And we did it all while making some amazing Play Doh art! So yes. You missed a great dinner conversation. So don’t miss out the next time we decide to serve up some realness around race and the arts.
– Tammy Johnson
A word from Organizers Cristal Fiel and Tyese Wortham
In our ten years of experience as arts administrators, we have come across the issue of racial equity time and again. However, we didn’t know how to speak about racial equity and the arts so that colleagues and leadership would be able to listen and hear us until going through Tammy Johnson’s Step-Together-Step curriculum.
In response to our desire to push the conversation of cultural equity forward, we applied for Emerging Arts Professionals’ (EAP) MADE program and were awarded the opportunity to bring in art and racial equity trainer Tammy Johnson to the EAP network. Our goal for “What’s for Dinner: Bringing Racial Equity to the Table for Emerging Arts Professionals” was to provide a safe space for emerging arts administrators, artists, and allies to learn how to tackle issues around cultural equity that might arise in workshop participants’ respective cultural institutions.
As arts administrators of color, it is important to us that we approach our work with a lens of cultural equity. Our previous trainings with Tammy’s Step-Together-Step curriculum have informed us with a language around race and racism and have empowered us to feel more comfortable with talking about the “elephant in the room.”
We all come from different places, but we hope that the Emerging Arts Professional’s continued dedication to this issue would allow the network to find common ground to advance a culture that calls for a more equitable society.
– Cristal and Tyese
About the facilitator:
Tammy Johnson is a dancer, writer, and equity consultant. After directing electoral campaigns in Milwaukee, Johnson spent a decade advancing racial equity as a trainer, writer, and public speaker at Race Forward. Having gained recognition for her knowledge of equitable public policy practices at Race Forward, she co-produced Race and Economic Recovery with LinKtv and Race Forward’s Wordvideo blog series. Johnson is co-director of the award winning bellydance duo Raks Africa. Tammy lives in Oakland,California and can be reached at tmjabundance.com
About the organizers:
Cristal Fiel holds a bachelor degree in Sociology and Ethnic Studies from the University of California, Berkeley. As Editor in Chief of the literary and arts organization, Maganda Magazine, she discovered her calling to work in the arts field. She has served as administrative coordinator and board member of the Asian American Women Artists Association, and has volunteered with a number of Bay Area organizations, including the San Francisco Film Society. Fiel is currently a program associate at the San Francisco Arts Commission.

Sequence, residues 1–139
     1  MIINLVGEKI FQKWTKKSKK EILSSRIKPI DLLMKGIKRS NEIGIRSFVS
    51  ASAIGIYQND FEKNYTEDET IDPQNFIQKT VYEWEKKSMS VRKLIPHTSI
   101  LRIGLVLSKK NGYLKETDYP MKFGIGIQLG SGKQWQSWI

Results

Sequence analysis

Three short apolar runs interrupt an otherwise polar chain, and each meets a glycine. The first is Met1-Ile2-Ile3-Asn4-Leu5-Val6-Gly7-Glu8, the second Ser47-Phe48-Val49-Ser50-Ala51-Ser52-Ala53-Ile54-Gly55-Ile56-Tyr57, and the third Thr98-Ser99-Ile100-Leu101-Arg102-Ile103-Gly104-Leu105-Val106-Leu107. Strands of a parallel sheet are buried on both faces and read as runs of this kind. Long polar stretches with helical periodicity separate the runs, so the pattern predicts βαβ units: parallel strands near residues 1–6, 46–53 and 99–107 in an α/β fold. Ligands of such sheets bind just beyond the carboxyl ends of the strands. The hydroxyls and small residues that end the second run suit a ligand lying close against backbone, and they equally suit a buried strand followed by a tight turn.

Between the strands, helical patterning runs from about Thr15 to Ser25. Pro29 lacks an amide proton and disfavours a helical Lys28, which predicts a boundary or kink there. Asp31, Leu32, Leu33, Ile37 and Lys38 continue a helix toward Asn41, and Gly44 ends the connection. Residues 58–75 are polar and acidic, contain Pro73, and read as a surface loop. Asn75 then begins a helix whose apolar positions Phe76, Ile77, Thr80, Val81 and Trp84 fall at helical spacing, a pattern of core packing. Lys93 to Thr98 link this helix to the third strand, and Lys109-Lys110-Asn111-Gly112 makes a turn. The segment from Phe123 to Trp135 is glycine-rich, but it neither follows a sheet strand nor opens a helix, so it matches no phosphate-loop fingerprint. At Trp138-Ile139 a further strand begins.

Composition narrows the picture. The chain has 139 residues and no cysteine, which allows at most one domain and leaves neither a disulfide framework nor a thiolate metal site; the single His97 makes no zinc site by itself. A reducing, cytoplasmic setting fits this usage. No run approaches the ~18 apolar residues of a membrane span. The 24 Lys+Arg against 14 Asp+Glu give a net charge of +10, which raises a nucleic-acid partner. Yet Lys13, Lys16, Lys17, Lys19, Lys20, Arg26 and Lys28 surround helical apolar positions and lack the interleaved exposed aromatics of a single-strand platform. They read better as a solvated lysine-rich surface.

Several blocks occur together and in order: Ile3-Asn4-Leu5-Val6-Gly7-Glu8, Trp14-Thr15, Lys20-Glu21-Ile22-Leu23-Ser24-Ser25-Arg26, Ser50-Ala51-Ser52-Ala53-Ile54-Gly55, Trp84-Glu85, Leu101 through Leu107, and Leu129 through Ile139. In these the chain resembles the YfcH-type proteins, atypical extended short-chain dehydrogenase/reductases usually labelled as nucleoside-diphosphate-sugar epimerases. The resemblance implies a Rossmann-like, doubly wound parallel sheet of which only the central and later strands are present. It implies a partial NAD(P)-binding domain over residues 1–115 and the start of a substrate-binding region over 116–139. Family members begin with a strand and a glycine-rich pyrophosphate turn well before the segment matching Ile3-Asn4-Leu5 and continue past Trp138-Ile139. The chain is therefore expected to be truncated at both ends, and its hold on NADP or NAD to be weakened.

Tyese Wortham is a grantmaker and administrator in the arts, teaching artist, and dancer with a commitment to advancing cultural equity in San Francisco Bay Area’s arts landscape by serving under-represented and under-resourced communities. She has been recognized for her expertise in cultural arts as a panelist, consultant, facilitator, and committee member for various Bay Area arts organizations, including the Isadora Duncan Dance Awards. Tyese served as a fellow in the first cohort of the EAP Fellowship Program.
What’s for Dinner?” was a workshop supported by Emerging Arts Professionals’ MADE, a re-granting program at draws on the inspiration and power of the network to propose and execute projects that address immediate solutions of the day. Cultural Equity is one of the four primary Areas of Study for EAP, and we are deeply thankful to Tammy Johnson, Tyese Wortham, and Cristal Fiel for providing this workshop to all of us. Learn more about MADE here: http://www.emergingsf.
Creatives gathered at Pro Arts on Tuesday Oct 21st for the Elevate Your Pitch Workshop. The goal of the workshop was for participants to practice and improve upon their pitches, whether that meant a solo artist applying for gallery representation or a theater start-up organization pitching to investors.
Participants included, independent visual artists, performers, Theater Interns, and others working in the arts; as they entered the gallery they were introduced to the evening with a visual name game. Everyone was asked to illustrate the meaning/story of their name and to present that story to the group. The ulterior motive to this name game, later disclosed by the facilitators, was to get us all engaged in telling a brief story, one that we knew off the tops of our heads and felt deep passion or connection to.